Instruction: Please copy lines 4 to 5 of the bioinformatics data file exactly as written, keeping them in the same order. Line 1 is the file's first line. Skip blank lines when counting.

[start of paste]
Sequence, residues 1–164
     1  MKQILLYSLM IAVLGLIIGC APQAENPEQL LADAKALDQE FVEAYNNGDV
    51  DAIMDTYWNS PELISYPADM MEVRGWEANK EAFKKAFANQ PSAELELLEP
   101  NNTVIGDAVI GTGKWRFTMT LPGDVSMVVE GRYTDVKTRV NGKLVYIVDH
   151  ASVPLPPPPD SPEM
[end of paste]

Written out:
   101  NNTVIGDAVI GTGKWRFTMT LPGDVSMVVE GRYTDVKTRV NGKLVYIVDH
   151  ASVPLPPPPD SPEM